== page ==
Amazon’s Kindle: Ambitions to change the way we read

Last month Amazon released the Kindle e-book priced at $399, which sold out in five and a half hours. The device allows you to electronically purchase and store up to 200 of your favorite books. For about $10 you can purchase one of 88,000 books electronically including 100 of the 112 New York Times best sellers. And no need for a computer: Kindle downloads content over a free wireless Sprint network.

Selling out in a day shows the interest is there, but will it outlast the buzz and become the next handheld device that Americans can’t live without, like the iPod , Blackberry, or iPhone?

The device looks thick and bulky and external buttons limit the screen size. It’s brand new yet prehistoric looking, giving me flash backs of that red Speak-and-Spell I played with 20 years ago as a child. Kindle feels like the MP3 players pre-iPod, the idea and functionality are clearly here but Kindle V.1 is not refined enough to become a cultural icon. Imagine if Apple had came up with the e-book idea before Amazon, the device would have certainly been slimmer and more attractive, with touch screen functionality that increases the actual screen size. Apple wouldn’t have rushed a great idea out the door with a device that looks like this. They probably would have had an adequate inventory too: selling out in half a day isn’t necessarily a good thing.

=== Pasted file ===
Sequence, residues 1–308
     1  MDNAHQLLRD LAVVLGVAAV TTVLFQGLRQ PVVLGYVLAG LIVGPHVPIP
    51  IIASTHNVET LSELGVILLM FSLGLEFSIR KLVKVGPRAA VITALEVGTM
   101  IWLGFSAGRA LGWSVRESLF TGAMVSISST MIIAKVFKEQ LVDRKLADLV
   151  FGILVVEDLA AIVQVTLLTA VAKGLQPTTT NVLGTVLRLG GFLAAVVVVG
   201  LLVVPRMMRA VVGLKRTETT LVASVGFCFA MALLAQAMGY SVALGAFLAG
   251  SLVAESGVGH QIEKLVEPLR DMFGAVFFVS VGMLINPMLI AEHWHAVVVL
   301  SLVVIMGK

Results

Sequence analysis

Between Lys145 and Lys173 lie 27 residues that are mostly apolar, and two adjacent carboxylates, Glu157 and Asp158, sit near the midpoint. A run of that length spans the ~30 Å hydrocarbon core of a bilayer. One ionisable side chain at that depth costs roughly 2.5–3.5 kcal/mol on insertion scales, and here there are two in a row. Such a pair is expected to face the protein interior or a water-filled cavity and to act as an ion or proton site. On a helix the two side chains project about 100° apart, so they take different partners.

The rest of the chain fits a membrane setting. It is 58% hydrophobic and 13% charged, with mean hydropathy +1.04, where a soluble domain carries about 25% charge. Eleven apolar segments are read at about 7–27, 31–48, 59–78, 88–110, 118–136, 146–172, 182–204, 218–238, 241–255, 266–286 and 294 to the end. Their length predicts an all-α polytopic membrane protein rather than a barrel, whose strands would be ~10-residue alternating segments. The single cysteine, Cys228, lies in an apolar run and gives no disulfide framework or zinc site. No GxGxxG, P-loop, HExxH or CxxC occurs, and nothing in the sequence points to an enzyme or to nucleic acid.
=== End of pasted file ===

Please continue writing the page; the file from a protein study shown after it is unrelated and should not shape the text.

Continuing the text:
Cost and functionality aside, will Americans be open to making the transition traditional to digital reading? I do see Kindle being more compelling as a replacement for newspapers and magazines, which are generally thrown away after reading.

From computers to cell phones, technology is cold. Books are warm and calming and allow us to get away from the fast-paced technological lives we live in. It is convenient not to have to go to store, but isn’t browsing a Barnes andamp; Noble an enjoyable part of the experience? No more libraries of your favorite titles in your home or office proudly displayed like trophies, conquests of knowledge. No more conversations sparked up at your local coffee shop as a passer by recognizes the book your in your hands is one they just read. No dog-ears, circling a word you don’t know, or highlighting a memorable excerpt you want to revisit later.

Will consumers find the ease and convenience of technology more important than the experience? Or is traditional reading a part of our life that is too nostalgic to let go?